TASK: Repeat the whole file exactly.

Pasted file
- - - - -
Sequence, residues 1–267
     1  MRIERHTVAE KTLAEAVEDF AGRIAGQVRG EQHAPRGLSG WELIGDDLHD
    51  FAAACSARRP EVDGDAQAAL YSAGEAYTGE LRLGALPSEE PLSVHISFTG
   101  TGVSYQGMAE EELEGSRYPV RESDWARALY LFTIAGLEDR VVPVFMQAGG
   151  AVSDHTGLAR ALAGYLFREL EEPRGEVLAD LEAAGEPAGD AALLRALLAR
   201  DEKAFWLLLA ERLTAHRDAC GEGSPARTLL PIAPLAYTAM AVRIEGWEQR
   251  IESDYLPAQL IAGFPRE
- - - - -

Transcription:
Sequence, residues 1–267
     1  MRIERHTVAE KTLAEAVEDF AGRIAGQVRG EQHAPRGLSG WELIGDDLHD
    51  FAAACSARRP EVDGDAQAAL YSAGEAYTGE LRLGALPSEE PLSVHISFTG
   101  TGVSYQGMAE EELEGSRYPV RESDWARALY LFTIAGLEDR VVPVFMQAGG
   151  AVSDHTGLAR ALAGYLFREL EEPRGEVLAD LEAAGEPAGD AALLRALLAR
   201  DEKAFWLLLA ERLTAHRDAC GEGSPARTLL PIAPLAYTAM AVRIEGWEQR
   251  IESDYLPAQL IAGFPRE